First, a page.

How does your state stack up?
My favorite publication from the Canada-based Fraser Institute is Economic Freedom of the World, which ranks nations based on economic liberty.
The second-best report from the Fraser Institute is Economic Freedom of North America, which ranks economic liberty in all American states, Canadian provinces, and Mexican states. Here’s the headline data from the most-recent edition, with Canadian provinces highlighted in brown and Mexican states highlighted in green.
Both states rank near the top in various measures of economic liberty in the United States.
I’m also not surprised to see Mexican states clustered at the bottom.
What’s particularly interesting is to see how rankings have changed for the United States and Canada.
…economic freedom had been declining in all three countries until recently. From 2004 to 2013, the average score for all 92 jurisdictions fell from 7.64 to 7.09. Canadian provinces saw the smallest decline, only 0.08, whereas the decline in the United States was 0.59 and in Mexico, 0.63. However, economic freedom has increased in the United States and Mexico since 2013. In contrast, in Canada, after an increase in 2014, it has fallen back below its 2013 level. …on the all-government index the highest ranked jurisdiction is New Hampshire with a score of 8.13. After six straight years in first, Alberta fell to a tie for 6th last year, and fell further to a tie for 24th place at 7.94 in this year’s report. Florida is in 2nd with 8.07… The highest-rated Mexican state is Guanajuato at 61st with 6.49, behind all 50 US states and 10 Canadian provinces, and below 60th place by more than one full point.
Here’s a look at the biennial numbers for the three nations.
I’ve highlighted in green the two recent times Canada ranked about the United States (gee, thanks Obama) and highlighted in red the two recent times Canada ranked below the United States (gee, thanks Trudeau).
In my humble opinion, a key takeaway in the report is what happened to Alberta.
Here are some relevant excerpts.
Alberta, for seven years in a row up to 2015, was the top jurisdiction among the 92 jurisdictions in the index in the all-government index, as it was among Canadian prov-inces in the subnational index. However, in 2015, Alberta elected new political leaders who made changes in taxation, spending, and regulation that have had a significant negative effect on economic freedom. …Since 2015, Alberta has fallen from 1st to a tie for 24th place in the 2017 all-government index. It scored 8.31 in 2014 in this index, falling by 0.37 points in the 2017 index, the largest fall over that period of the 92 jurisdictions in the all-government index. Alberta’s decline in the subnational index, where of course provincial leader-ship has its greatest impact, was much larger, 1.42 points, between 2014 and 2017.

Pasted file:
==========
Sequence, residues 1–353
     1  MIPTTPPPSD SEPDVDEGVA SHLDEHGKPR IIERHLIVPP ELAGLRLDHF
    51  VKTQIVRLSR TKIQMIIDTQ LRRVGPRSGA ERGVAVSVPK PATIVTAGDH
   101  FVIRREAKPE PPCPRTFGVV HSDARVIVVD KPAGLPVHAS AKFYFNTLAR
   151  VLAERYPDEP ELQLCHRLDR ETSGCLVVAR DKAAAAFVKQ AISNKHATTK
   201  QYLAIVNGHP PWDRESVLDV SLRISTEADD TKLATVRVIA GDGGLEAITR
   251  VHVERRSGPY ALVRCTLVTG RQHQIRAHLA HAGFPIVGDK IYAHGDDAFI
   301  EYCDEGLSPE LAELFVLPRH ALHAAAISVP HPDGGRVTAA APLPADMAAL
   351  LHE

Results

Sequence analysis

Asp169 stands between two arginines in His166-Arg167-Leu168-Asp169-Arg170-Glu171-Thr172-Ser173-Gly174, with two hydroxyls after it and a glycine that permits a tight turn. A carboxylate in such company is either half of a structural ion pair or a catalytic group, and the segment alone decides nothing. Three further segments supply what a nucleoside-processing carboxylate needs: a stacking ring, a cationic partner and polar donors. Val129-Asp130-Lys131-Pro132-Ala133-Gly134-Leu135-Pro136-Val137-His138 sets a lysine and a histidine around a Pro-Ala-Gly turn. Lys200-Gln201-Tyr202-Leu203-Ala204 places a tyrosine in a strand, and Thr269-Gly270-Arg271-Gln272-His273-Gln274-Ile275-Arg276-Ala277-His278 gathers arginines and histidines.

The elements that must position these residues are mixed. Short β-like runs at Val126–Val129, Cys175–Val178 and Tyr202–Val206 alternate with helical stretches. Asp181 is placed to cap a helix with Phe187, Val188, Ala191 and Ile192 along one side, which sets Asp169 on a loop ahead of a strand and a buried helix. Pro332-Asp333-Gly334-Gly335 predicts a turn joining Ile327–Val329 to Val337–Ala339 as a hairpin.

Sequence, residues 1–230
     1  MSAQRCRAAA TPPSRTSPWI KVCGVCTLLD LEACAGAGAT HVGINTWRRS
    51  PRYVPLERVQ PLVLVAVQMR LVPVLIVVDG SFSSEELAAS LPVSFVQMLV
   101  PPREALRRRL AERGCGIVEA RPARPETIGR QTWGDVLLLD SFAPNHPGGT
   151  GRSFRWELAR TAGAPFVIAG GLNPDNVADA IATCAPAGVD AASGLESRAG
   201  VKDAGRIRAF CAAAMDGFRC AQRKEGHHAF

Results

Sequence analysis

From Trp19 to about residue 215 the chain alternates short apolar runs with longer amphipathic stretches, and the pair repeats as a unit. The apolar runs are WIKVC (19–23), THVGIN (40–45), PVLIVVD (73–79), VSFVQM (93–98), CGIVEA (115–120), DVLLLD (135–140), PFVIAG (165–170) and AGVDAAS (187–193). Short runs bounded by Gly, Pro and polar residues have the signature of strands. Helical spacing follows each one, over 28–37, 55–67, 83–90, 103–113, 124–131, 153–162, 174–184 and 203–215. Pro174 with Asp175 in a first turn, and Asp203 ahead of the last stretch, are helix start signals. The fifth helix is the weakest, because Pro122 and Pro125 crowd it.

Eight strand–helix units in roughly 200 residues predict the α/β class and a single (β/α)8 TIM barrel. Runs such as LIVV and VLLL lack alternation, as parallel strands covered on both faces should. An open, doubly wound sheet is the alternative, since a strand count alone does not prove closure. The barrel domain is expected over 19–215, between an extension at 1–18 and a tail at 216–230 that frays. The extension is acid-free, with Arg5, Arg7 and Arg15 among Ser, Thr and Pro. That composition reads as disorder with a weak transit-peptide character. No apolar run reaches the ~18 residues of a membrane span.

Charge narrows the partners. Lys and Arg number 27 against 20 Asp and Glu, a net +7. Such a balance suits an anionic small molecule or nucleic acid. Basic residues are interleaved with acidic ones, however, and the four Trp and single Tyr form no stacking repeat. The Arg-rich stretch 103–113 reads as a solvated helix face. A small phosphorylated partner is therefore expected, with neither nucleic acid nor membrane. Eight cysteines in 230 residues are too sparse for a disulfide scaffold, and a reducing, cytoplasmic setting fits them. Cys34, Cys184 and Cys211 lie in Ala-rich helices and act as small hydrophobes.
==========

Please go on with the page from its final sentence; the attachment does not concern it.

And here’s a table that shows what has happened over the past few years.
I actually warned about Alberta’s fiscal deterioration back in 2015, so I’ll be interested to see if the province can restore some budgetary sanity.
To be sure, Alberta is still the top-ranked province, but that’s more a reflection of bad policy elsewhere in Canada.
P.S. In general, Canada is a sensible, market-oriented nation. Indeed, the United States should copy its northern neighbor on issues such as spending restraint, welfare reform, corporate tax reform, bank bailouts, regulatory budgeting, the tax treatment of saving, school choice, and privatization of air traffic control.
by Dan Mitchell
Daniel J. Mitchell is a public policy economist in Washington. He’s been a Senior Fellow at the Cato Institute, a Senior Fellow at the Heritage Foundation, an economist for Senator Bob Packwood and the Senate Finance Committee, and a Director of Tax and Budget Policy at Citizens for a Sound Economy. His articles can be found in such publications as the Wall Street Journal, New York Times, Investor’s Business Daily, and Washington Times. Mitchell holds bachelor’s and master’s degrees in economics from the University of Georgia and a Ph.D. in economics from George Mason University. Original article can be viewed here.